International criminal courts expert speaks at UNL about high profile war crimes case
Story and photos by Jacob Bryant, NewsNetNebraska
James Johnson, an international criminal courts expert, spoke to a crowd at McCollum Hall on Monday about his experiences working on the special court for Sierra Leone, the third international tribunal of modern time.
Johnson, a UNL alumnus, served as the chief of prosecutions for the special court for Sierra Leone. Through this court, a special chamber tried, and eventually convicted, Charles Taylor, the former president of Liberia, on 11 counts of aiding and abetting during a civil war with neighboring Sierra Leone. Taylor is serving 50 years in the UK for his crimes.
Unlike past tribunals, the special court was built on location in Sierra Leone, where all the work would be done. “If you want justice to be seen, you must go to where the crime took place,” Johnson said.
Johnson laid out what many of the crimes being committed in Sierra Leone where. Child soldiers were used in the civil war and where considered to be expendable units, over 200,000 women and girls were the subject of violence in Sierra Leone alone during that time. Many of the women were pulled in to forced marriages, which Johnson explained was a step further than a sex slave. Not only were the women sex slaves to the rebel soldiers they were forced to marry, but they were also required to do all the housework for the soldiers.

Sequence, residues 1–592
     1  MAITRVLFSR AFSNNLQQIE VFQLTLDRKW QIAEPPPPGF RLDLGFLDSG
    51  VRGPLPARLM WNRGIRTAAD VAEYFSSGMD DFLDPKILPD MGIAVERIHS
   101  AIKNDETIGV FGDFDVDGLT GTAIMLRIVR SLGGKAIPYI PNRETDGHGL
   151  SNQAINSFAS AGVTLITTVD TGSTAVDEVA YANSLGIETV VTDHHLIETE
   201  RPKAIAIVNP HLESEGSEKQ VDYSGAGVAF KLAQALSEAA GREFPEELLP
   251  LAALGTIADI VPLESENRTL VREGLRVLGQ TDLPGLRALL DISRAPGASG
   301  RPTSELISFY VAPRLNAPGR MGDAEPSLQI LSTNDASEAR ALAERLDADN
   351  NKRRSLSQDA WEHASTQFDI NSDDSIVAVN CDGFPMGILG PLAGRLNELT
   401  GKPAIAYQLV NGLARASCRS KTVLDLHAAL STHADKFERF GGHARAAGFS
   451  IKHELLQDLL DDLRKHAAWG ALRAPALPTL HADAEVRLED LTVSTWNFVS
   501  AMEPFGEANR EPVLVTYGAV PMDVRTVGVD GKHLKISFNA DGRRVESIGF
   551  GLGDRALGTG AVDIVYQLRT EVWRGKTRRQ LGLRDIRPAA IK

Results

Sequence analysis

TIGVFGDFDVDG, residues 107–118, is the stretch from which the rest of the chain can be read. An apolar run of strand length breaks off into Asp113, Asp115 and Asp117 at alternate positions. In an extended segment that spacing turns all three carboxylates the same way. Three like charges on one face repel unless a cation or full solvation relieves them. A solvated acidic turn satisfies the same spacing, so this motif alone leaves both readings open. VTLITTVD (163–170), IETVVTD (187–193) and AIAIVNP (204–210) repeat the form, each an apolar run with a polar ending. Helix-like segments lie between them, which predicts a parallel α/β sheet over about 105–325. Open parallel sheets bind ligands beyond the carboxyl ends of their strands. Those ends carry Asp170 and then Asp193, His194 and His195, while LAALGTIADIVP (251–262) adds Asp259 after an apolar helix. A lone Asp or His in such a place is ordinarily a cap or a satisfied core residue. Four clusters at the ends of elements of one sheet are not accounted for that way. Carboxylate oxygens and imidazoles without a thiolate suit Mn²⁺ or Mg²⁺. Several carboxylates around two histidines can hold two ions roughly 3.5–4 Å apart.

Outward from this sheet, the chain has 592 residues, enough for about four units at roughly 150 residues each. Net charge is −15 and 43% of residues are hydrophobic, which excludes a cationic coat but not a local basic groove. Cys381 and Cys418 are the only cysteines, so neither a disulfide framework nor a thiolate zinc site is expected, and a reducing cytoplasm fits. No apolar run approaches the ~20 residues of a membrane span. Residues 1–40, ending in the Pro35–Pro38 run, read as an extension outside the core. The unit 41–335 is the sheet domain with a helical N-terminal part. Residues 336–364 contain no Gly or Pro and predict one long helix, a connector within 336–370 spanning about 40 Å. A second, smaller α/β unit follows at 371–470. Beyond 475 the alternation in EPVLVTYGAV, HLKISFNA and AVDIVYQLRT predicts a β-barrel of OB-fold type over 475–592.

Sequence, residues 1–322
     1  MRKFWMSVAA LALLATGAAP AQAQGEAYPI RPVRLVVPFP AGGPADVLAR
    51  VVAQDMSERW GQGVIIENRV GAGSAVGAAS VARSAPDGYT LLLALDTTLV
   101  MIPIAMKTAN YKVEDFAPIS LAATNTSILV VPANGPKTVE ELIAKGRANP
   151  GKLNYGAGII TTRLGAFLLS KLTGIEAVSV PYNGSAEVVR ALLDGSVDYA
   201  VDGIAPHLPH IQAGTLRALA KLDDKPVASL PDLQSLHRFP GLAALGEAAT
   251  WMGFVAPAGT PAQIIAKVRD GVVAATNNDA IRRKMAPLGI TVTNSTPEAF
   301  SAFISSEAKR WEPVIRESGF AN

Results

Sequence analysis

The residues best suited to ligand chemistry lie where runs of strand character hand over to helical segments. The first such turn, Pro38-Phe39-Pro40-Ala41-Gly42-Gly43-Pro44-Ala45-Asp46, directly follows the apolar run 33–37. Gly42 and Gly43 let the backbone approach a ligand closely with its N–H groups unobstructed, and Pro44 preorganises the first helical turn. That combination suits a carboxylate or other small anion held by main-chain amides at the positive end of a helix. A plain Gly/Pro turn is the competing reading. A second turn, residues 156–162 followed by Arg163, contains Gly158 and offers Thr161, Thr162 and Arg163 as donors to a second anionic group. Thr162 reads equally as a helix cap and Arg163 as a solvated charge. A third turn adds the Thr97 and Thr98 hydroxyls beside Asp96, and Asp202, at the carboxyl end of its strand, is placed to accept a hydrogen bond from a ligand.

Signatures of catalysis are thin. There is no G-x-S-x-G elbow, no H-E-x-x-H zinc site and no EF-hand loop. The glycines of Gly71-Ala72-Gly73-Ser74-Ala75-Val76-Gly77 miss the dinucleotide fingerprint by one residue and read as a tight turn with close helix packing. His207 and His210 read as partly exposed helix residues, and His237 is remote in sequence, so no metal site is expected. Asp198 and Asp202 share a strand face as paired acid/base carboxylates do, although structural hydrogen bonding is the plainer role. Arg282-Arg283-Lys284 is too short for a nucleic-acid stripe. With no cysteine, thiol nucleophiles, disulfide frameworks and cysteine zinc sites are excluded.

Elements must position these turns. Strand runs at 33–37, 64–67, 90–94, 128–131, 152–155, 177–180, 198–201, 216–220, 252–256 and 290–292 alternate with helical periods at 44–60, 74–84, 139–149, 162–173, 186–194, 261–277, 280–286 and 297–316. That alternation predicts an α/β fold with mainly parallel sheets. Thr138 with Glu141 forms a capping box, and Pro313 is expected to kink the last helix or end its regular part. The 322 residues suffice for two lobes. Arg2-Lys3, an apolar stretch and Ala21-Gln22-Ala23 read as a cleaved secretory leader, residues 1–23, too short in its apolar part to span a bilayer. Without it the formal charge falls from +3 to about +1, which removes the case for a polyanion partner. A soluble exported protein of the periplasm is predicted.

Many of the civilians were put to forced labor, as well. Their main jobs were often panning and digging for blood diamonds.
“Blood diamonds wasn’t a term coined in Sierra Leone,” Johnson said. “It did become a common term in the area though.”
The primary mandate of the special court for Sierra Leone was to try those who bear the greatest responsibility for the crimes of Sierra Leone. Johnson stressed that the wording of “greatest responsibility” helped them move things along and go for the people higher up.
“We weren’t trying the soldiers on the ground who had pulled the triggers, or performed the rape,” Johnson said. “We were trying the leaders.”
A question from a member of the audience asked how they drew the line of who bore the greatest responsibility. Johnson said that who bore greatest responsibility was up to the prosecutor’s discretion.
In the end, 13 people were indicted and deemed most responsible for the crimes in Sierra Leone. Evidence was presented over the next 13 months and included over 100 witnesses. There were only 21 witnesses for the defense, including Taylor himself.
“We may have toasted a bit when we found Taylor. It’s tough to remember,” Johnson said with a smile.
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